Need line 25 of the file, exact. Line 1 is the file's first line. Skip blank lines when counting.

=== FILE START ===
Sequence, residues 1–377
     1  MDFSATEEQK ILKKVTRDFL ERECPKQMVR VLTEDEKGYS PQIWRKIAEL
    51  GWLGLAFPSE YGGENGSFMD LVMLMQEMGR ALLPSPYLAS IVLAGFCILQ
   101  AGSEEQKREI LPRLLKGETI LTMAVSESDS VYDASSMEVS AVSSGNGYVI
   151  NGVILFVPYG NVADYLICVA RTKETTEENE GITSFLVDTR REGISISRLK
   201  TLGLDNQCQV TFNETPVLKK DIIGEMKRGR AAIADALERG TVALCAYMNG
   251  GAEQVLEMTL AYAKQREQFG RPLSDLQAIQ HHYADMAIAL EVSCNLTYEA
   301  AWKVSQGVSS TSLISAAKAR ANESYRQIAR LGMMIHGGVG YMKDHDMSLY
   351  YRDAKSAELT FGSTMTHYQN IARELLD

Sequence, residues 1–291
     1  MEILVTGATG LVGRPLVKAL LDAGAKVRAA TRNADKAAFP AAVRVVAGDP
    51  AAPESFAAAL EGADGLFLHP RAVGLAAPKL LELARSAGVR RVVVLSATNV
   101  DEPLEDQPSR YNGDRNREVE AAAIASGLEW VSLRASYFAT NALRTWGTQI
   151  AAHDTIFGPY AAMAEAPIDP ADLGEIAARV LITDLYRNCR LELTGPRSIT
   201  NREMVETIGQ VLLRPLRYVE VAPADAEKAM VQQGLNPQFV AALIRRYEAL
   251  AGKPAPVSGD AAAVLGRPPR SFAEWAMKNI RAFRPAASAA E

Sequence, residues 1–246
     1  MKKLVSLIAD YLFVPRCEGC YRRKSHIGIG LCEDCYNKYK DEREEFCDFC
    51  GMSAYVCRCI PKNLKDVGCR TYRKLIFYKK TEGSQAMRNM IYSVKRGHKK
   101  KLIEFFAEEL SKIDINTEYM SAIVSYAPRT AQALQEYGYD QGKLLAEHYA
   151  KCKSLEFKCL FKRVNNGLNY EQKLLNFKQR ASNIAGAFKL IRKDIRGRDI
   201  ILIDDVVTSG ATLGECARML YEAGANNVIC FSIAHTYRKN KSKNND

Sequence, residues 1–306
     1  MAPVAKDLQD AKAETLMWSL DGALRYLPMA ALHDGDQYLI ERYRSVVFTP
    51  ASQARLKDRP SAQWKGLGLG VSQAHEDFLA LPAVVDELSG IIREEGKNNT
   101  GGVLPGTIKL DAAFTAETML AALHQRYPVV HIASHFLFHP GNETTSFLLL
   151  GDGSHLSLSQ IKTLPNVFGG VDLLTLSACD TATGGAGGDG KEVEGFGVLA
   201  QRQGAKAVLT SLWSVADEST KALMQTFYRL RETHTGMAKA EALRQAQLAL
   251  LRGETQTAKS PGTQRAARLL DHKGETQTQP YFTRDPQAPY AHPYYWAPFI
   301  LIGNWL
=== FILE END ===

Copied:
    51  ASQARLKDRP SAQWKGLGLG VSQAHEDFLA LPAVVDELSG IIREEGKNNT